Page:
My neighborhood is gathering together for a few (virtual) celebrations this year. Being a diverse group, we’re having festivities for Christmas, Kwanzaa, and Hanukkah and inviting people to talk about and share their holiday traditions, whether related to a particular religion or not. I could use some advice on how to make everyone feel included and at ease, even over Zoom.
Hi Maddy, and Merry Everything to you. So, you’ll be doing this neighborhood celebration on Zoom? Great. Prop your laptop computer at one end of the dining room table and decorate the table with symbols of Kwanzaa and Hanukkah and Christmas, too. If head coverings are appropriate to the religions or beliefs, have each member of your family wear one, and all sit at the table shouting out greetings at the computer and raise wine glasses, if everyone wants to do that. Toasting with water is allowed. Then when your diverse neighbors tune in they’ll see all people, races, and religions honored at this time of year, and they’ll shout back! Joyful chaos!
It’s getting so cold! As winter storms start, I’m worried about losing power again. But my husband won’t fix the dang generator. Help!
Oh Lindsay, Lindsay, Lindsay—this is 2020, nearly 2021, not 1950. First of all, no one says “dang” anymore. Second, wives no longer wait for husbands to fix things, and “wait” is the key word here. What women do now is discuss the matter, as with any big expense. Then they may ask one time that something as important as a generator gets fixed, and if it doesn’t get done within a reasonable amount of time—say, a week—they proceed to Google and find people who repair generators and line up appointments and be there for the appointments. Or they may proceed immediately straight to Google and call the nice repair people. Those people come to the house and do the work, hooray. When Mr. Husband comes home and sees what she’s done, the problem resolved, she smiles, kisses him, and says “Fixing the generator is a surprise gift for you this year, my darling. Happy New Year!” Or, since usually more than one thing breaks down each season, they alternate calling repair people.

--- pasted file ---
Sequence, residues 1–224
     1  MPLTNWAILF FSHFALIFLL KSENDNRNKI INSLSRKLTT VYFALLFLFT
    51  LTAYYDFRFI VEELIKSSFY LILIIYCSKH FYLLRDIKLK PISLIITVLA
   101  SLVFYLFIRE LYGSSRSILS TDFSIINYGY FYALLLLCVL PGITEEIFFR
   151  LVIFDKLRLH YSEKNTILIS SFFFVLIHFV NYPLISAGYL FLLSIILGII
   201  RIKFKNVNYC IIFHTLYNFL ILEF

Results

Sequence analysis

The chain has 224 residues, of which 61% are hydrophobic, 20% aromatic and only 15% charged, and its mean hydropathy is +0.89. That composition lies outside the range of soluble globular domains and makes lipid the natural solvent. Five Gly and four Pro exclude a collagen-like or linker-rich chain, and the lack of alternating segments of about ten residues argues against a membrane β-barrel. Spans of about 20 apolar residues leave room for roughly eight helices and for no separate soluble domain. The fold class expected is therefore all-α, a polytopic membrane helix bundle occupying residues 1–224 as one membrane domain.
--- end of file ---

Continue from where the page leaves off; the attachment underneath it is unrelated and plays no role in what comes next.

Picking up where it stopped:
We’re doing a Christmas movie marathon. What are your top ten?
(P.S. My boyfriend insists Die Hard is a Christmas movie, and I can’t convince him otherwise.)
Ummm—Die Hard? No. Maybe he means he’ll watch it at Christmas, but that fact and the office party scene and winter setting do not make it a Christmas movie. My top ten? Well, not all have a holiday theme, and the total won’t add up to ten exactly, but here goes: White Christmas, You Can’t Take It with You, all Fred Astaire and Ginger Rogers movies, all Busby Berkeley films, Gaslight, Sun Valley Serenade, It’s a Wonderful Life, all WWII movies where our boys find a way to celebrate Christmas in lots of rubble while at war, and Home Alone. And for something brand new, untested, but promising: Jingle Jangle: A Christmas Journey (release date for streaming and theaters: November 13, 2020). Who knows? It could be the next big holiday classic in the making, that people will be watching 50 years from now.
My two sons (10 and 12) love to shovel snow . . . though I can’t understand why. This year, I’ve been thinking of paying them to shovel our elderly neighbors’ driveways as well. I like to think that way, I can give the boys a small allowance while teaching them the value of helping other people. Do you think this is a good idea?
Charlotte, that’s like a rhetorical question, right? Of course it’s a good idea. I think giving kids $$ to do good things like that gives them a sense of honor, respect, and importance. Getting a little cash for shoveling out elderly folks’ driveways is a good thing because it will evolve into their doing things like that for free as their lives progress. Furthermore, when your sons give you grandchildren, you’ll see your legacy has moved forward because they’ll encourage their kids to do the same thing for elderly or needy people. And then you’ll know you’ve won. So, Charlotte, paying your boys to shovel out those driveways for old folks is the gift that will keep on giving. You’ll see.